The final factor driving the congestion we are experiencing today is that there has been a mismatch between the distribution of jobs and housing across some regions. For example, in Sydney around 80 per cent of residents in the Eastern Sydney CBD region live and work in that same region. However, for the growing Western, Southern and Central districts, only around 50 per cent of residents' work in the same district that they live in, with many undertaking long daily commutes into the CBD or to other districts.
A better future
Big cities will always face some congestion. Australians understand this, but our big cities today are suffering more than they should, as I have outlined.
We need to learn from this and take leadership to ensure that there is a better future ahead. This is exactly what the Coalition Government has been doing, and particularly Prime Minister Morrison through his bringing together of population, infrastructure and cities policy.
Our plan consists of four parts.
First, a massive boost in infrastructure expenditure to build the major intra-city road and rail networks. The Government lifted expenditure as soon as we came to office and in the last budget, allocated a record $75 billion with forward 10-year plans.
A significant proportion of this investment is allocated to building the intra-city transport spines, such as the Monash Freeway, Tullamarine rail, Westconnex or Ipswich Motorway.
The intra-city transport spines shape how cities look and the opportunities they provide residents. We have major investments underway in every major city and several in the three large cities, including both major road and rail upgrades. We are targeting these upgrades to alleviate the congestion already being faced in these cities, but also to help design more efficient transport networks for future growth.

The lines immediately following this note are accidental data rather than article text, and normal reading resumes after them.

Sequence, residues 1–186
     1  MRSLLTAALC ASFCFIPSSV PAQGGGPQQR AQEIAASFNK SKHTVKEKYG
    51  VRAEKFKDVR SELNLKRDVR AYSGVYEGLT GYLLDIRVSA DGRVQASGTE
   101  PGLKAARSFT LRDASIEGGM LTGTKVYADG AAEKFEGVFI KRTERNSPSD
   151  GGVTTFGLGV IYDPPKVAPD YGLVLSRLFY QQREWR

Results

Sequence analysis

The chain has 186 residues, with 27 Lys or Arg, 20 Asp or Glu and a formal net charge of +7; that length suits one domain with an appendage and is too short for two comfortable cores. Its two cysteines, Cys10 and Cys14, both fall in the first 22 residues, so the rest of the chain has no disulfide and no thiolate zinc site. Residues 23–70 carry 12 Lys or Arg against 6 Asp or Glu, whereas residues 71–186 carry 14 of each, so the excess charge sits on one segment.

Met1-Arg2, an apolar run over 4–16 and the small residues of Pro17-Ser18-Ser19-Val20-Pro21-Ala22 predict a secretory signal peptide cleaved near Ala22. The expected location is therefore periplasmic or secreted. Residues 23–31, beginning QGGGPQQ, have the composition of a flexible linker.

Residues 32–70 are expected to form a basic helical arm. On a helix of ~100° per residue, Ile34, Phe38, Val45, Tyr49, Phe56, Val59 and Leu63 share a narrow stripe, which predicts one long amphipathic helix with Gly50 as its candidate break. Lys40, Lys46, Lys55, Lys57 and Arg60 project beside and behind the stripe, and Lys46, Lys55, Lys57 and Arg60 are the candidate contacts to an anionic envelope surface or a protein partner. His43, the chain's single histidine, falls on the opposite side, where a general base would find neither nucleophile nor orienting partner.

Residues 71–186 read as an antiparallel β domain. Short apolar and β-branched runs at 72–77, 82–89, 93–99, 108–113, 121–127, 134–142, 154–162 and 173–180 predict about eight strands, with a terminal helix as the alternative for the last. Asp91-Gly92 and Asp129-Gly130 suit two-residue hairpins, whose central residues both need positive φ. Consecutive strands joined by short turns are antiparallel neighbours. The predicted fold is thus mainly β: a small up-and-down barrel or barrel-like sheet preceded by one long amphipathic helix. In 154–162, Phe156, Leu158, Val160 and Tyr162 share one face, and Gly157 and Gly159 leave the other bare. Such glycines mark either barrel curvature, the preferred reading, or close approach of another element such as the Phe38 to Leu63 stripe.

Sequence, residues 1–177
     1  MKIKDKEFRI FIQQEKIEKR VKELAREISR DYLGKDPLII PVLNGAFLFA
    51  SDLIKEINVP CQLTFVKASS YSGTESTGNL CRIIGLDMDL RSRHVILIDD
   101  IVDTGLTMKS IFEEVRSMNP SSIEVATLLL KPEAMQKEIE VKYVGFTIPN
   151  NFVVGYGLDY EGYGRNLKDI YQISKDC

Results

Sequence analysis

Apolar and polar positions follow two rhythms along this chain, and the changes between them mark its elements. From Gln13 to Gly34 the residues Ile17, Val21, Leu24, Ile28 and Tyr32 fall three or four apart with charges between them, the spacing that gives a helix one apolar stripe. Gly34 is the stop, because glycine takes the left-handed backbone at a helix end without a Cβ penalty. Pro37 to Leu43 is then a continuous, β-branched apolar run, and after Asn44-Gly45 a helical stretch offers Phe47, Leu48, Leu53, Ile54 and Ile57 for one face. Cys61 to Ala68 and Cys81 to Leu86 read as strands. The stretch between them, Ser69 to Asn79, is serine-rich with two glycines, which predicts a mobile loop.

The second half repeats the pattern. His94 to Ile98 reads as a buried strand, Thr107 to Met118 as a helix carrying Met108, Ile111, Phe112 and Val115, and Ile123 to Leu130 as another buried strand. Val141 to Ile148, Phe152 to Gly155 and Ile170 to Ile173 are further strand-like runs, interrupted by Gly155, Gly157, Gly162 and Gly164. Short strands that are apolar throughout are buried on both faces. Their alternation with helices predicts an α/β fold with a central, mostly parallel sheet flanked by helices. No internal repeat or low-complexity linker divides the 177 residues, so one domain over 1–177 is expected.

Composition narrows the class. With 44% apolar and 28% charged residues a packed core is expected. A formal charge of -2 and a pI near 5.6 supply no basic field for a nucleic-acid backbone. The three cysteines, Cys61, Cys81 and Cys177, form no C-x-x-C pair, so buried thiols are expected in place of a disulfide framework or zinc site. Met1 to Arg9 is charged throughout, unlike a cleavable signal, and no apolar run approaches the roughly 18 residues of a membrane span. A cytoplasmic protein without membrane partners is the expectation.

For example, Westconnex will move traffic off the congested and overutilised Parramatta Road, helping commuters bypass 52 traffic lights, cut travel commuter travel times from Parramatta and the Kingsford Smith Airport by up to 40 minutes, and halve the bus travel time between the Inner West and the City. In the long run, it will also support greater urban amenity across the corridor by taking around 4,000 trucks a day off Parramatta Road.
State Governments are ultimately responsible for building these city road and rail networks, but we are taking a stronger leadership role through our 10-year Infrastructure Pipeline announced in the 2018–19 Budget. These critical projects need to be well planned and backed by a quality business case and we will continue to be guided by Infrastructure Australia on these. But what we most need to do now is get on and build them.